Let's Celebrate Liars
Xavier Alvarez is one in a continuing line of outcasts -- anarchists, Communists, flag burners, racists, fringe religious and political fanatics -- to whom we owe an eternal debt of gratitude for keeping the embers of free speech alive.
Xavier Alvarez, a former member of a municipal water board in Claremont, Calif., is hardly an endearing character. Supreme Court Justice Anthony M. Kennedy introduces him as follows: “Lying was his habit. Xavier Alvarez, the respondent here, lied when he said that he played hockey for the Detroit Red Wings and that he once married a starlet from Mexico. But when he lied in announcing he held the Congressional Medal of Honor, respondent ventured onto new ground; for that lie violates a federal criminal statute, the Stolen Valor Act of 2005.” “Though few might find respondent’s statements anything but contemptible,”
Justice Kennedy nevertheless ruled, “his right to make those statements is protected by the Constitution’s guarantee of freedom of speech and expression.”
That’s right. The First Amendment defends the right to lie — or atleast bars the state from prosecuting liars. We want to keep it that way. As Justice Kennedy sagely reminds us: “The Nation well knows that one of the costs of the First Amendment is that it protects the speech we detest as well as the speech we embrace.”
If you are wondering why, consider the implications. Here Alvarez made his false claims at a public meeting, but under the law, the government could as easily have prosecuted him for making them privately. What other “lies” might the government prosecute? After all, the motivation for enacting the Stolen Valor Act in the first place was because pretenders were perceived to dilute the value and diminish the honor of these awards. How about disrespecting the flag by desecrating it? The government attempted that too, a law the U.S. Supreme Court invalidated in 1989.
Then there is the touchy issue of just which lies the government is particularly sensitive to and more inclined to penalize. After all, there is a whole lot of lying going on, by the government no less, as we well know from history. Indeed, the Stolen Valor Act distinguished the penalty between different military decorations. Guess which one Congress found most objectionable? False claims about the Congressional Medal of Honor attracted twice the penalty — one year — than false representations about other military decorations, which drew a maximum of a six month penalty. Whatever had Congressmen particularly exercized about false claims about the Congressional decoration, you might wonder?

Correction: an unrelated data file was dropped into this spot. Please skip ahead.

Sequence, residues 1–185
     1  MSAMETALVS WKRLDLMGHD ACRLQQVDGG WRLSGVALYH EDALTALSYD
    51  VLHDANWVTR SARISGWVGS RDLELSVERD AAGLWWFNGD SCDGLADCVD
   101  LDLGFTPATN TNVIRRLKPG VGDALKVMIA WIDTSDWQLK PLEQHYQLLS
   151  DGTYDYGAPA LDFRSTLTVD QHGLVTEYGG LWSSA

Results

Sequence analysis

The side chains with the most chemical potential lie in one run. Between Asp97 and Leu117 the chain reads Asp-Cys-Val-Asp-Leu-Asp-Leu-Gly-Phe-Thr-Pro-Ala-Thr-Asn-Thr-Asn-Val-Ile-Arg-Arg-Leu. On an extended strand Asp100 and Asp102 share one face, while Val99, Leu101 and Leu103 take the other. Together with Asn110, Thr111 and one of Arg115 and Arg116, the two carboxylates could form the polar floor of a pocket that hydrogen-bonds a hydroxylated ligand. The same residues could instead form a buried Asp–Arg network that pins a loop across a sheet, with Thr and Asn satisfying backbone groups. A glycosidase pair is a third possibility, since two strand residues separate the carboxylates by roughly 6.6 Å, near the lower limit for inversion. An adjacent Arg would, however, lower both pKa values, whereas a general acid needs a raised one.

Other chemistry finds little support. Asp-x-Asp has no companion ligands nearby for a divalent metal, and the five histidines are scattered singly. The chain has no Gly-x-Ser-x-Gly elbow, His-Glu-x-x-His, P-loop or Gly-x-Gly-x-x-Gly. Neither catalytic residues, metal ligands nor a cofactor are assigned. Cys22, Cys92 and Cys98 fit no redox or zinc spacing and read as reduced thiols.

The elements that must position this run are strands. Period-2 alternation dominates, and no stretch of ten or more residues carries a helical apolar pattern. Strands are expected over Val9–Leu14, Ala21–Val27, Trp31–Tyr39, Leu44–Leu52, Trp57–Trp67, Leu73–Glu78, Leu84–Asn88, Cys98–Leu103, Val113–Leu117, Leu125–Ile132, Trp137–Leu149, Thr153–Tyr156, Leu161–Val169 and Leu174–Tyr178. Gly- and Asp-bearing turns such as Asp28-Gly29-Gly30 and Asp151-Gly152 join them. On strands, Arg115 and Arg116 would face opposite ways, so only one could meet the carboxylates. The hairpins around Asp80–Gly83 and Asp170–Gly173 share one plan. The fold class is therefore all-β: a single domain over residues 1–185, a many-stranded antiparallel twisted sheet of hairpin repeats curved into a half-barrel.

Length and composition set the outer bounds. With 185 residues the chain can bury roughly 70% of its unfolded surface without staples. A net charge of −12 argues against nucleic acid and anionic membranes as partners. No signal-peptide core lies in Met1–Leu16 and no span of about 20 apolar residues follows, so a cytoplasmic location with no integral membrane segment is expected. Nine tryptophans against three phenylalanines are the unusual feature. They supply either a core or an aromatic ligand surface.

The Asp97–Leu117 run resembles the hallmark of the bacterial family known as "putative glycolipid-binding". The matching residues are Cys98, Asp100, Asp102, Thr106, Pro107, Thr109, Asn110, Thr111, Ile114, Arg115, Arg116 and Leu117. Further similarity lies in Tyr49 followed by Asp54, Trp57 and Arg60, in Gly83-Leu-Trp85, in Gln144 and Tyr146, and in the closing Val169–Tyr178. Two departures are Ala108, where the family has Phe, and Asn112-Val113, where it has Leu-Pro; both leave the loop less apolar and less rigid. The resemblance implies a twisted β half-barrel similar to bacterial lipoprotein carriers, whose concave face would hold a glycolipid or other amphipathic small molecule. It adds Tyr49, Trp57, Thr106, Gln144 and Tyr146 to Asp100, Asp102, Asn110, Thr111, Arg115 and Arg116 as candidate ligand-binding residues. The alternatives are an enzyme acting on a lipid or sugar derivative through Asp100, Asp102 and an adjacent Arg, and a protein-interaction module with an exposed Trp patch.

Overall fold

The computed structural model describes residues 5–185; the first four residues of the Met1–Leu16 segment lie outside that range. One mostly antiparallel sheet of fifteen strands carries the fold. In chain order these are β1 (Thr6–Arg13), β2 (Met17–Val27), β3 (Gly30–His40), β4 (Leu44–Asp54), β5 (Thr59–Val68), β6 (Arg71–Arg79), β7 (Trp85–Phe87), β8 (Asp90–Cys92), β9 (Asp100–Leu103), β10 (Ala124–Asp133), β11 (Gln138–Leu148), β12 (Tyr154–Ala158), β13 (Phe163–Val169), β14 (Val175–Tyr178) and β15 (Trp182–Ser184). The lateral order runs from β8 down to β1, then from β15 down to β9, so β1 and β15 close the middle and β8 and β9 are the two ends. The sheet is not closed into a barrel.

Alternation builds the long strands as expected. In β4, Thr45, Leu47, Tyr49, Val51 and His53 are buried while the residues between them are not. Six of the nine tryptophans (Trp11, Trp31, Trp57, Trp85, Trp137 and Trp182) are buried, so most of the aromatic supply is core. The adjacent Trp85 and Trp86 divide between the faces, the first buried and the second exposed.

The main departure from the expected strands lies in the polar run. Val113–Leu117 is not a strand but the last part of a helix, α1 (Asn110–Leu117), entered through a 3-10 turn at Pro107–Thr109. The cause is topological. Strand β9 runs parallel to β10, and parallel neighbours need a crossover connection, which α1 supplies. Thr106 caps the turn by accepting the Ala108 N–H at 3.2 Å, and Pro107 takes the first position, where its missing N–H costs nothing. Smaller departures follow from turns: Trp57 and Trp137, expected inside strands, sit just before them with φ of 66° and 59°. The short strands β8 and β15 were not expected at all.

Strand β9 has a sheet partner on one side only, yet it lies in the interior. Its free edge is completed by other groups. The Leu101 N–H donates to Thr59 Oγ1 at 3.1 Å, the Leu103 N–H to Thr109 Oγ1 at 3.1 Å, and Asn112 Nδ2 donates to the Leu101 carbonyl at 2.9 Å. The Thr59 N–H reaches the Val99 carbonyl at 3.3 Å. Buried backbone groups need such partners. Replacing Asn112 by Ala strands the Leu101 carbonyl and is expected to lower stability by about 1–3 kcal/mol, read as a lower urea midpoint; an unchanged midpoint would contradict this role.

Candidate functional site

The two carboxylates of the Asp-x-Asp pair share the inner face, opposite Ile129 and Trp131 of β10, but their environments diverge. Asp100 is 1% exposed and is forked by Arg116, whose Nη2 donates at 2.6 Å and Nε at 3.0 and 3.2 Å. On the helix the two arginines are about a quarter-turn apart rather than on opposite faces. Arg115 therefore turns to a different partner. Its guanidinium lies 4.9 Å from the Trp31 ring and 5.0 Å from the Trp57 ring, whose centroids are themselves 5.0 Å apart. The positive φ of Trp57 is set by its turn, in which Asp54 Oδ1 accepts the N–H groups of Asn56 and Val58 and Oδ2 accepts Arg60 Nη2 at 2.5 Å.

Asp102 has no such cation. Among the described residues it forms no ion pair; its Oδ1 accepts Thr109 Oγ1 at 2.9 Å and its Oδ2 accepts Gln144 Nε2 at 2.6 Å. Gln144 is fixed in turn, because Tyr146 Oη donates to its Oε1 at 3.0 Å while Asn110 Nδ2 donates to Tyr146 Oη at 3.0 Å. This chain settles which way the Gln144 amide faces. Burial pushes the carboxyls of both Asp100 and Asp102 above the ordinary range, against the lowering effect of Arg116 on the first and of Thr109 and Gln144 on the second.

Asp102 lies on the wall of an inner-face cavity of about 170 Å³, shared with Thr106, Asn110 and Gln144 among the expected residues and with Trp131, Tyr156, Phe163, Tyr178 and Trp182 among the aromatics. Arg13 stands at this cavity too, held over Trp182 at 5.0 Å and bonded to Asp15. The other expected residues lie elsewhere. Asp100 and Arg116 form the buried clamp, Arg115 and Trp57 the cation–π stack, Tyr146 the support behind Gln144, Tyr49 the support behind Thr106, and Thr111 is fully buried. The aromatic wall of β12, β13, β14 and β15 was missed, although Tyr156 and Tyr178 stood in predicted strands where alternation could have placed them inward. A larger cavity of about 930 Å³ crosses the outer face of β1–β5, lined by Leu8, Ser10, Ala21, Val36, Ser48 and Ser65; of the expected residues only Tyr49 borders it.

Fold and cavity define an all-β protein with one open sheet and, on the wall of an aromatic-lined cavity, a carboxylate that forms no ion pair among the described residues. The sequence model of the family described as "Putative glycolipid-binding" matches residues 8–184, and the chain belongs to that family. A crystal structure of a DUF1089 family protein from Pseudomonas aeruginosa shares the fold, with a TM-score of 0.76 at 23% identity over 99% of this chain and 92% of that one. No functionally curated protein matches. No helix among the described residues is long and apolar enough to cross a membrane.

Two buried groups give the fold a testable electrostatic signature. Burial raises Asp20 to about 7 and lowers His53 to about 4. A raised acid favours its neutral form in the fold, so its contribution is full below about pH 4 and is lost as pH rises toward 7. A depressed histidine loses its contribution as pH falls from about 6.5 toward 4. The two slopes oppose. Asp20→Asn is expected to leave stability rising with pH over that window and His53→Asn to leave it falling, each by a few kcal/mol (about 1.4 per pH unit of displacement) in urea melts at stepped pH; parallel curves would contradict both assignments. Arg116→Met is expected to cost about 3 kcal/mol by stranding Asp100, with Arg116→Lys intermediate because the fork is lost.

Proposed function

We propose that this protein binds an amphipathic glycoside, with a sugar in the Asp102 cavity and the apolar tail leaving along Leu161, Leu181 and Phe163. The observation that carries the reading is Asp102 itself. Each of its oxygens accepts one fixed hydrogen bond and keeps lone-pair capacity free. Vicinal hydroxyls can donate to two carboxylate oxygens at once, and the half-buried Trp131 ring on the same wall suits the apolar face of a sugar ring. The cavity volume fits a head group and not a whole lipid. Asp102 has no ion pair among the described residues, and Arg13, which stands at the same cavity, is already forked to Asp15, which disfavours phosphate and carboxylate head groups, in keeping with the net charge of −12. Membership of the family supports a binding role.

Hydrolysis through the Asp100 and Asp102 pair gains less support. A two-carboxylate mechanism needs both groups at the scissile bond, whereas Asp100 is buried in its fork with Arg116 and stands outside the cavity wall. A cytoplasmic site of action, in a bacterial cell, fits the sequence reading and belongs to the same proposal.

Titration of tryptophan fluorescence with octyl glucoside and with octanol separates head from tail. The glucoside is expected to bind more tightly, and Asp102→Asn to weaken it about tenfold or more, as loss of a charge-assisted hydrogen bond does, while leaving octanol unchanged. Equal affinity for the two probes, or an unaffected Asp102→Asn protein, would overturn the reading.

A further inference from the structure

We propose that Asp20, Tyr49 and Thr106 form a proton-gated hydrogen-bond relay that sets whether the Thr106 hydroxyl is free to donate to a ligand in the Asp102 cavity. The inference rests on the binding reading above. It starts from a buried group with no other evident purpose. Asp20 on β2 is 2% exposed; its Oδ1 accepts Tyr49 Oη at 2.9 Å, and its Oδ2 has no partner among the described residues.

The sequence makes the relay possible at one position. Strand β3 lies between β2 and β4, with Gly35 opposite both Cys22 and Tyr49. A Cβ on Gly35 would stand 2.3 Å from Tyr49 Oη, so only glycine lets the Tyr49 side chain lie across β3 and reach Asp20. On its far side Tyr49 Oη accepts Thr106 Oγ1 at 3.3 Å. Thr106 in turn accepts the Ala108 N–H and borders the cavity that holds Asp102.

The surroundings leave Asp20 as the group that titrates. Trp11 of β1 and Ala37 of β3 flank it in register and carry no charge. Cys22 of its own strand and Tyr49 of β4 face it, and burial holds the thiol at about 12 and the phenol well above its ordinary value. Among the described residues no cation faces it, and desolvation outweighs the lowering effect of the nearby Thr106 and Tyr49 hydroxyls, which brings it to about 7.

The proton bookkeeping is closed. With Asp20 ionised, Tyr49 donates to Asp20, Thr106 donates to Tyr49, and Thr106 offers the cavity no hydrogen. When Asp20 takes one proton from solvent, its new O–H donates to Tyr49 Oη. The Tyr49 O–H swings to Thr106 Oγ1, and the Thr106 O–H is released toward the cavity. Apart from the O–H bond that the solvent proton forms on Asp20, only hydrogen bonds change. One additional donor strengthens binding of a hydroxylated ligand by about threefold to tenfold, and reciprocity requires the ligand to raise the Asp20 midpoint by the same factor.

Justice Kennedy wrote: “Permitting the government to decree this speech to be a criminal offense, whether shouted from the rooftops or made in a barely audible whisper, would endorse government authority to compile a list of subjects about which false statements are punishable…. Were this law to be sustained, there could be an endless list of subjects the National Government or the States could single out…. The mere potential for the exercise of that power casts a chill, a chill the First Amendment cannot permit if free speech, thought, and discourse are to remain a foundation of our freedom.”
Unlike other aspects of our social and public life, free speech is not, nor should it ever be, subjected to a balancing of countervailing social costs and benefits. The dangers of government overreach, the chilling effects of the penalties on critics, the historical evidence of erstwhile pernicious falsehoods that are today’s celebrated wisdoms, all render well intentioned regulations of even targeted falsehoods counterproductive in a free society. Consequently, the Supreme Court has long held: “As a general matter, the First Amendment means that government has no power to restrict expression because of its message, its ideas, its subject matter, or its content…. The Constitution demands that content based restrictions on speech be presumed invalid … and that the Government bear the burden of showing their constitutional validity.”
His Supreme Court victory notwithstanding, Alvarez is hardly celebrating on his rooftop. Long before he was charged, he had been exposed and ridiculed as a phony and a fraud. In fact, he was charged only because he had been so exposed. But we should celebrate Alvarez this Independence Day as one in a continuing line of outcasts — anarchists, Communists, flag burners, racists, fringe religious and political fanatics — to whom we owe an eternal debt of gratitude for keeping the embers of free speech alive.